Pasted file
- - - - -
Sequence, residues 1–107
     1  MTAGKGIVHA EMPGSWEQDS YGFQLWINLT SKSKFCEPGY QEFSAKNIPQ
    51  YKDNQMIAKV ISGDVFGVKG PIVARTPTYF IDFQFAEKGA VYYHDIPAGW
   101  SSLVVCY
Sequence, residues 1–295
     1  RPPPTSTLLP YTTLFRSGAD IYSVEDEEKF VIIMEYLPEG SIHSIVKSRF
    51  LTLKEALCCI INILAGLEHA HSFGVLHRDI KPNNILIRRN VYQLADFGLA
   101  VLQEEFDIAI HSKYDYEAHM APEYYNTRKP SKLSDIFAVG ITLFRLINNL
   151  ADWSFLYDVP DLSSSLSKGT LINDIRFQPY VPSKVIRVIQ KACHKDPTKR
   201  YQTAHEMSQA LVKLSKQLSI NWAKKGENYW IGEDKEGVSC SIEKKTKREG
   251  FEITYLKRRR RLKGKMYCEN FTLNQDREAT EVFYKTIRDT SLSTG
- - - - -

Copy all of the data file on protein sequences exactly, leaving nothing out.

Sequence, residues 1–107
     1  MTAGKGIVHA EMPGSWEQDS YGFQLWINLT SKSKFCEPGY QEFSAKNIPQ
    51  YKDNQMIAKV ISGDVFGVKG PIVARTPTYF IDFQFAEKGA VYYHDIPAGW
   101  SSLVVCY
Sequence, residues 1–295
     1  RPPPTSTLLP YTTLFRSGAD IYSVEDEEKF VIIMEYLPEG SIHSIVKSRF
    51  LTLKEALCCI INILAGLEHA HSFGVLHRDI KPNNILIRRN VYQLADFGLA
   101  VLQEEFDIAI HSKYDYEAHM APEYYNTRKP SKLSDIFAVG ITLFRLINNL
   151  ADWSFLYDVP DLSSSLSKGT LINDIRFQPY VPSKVIRVIQ KACHKDPTKR
   201  YQTAHEMSQA LVKLSKQLSI NWAKKGENYW IGEDKEGVSC SIEKKTKREG
   251  FEITYLKRRR RLKGKMYCEN FTLNQDREAT EVFYKTIRDT SLSTG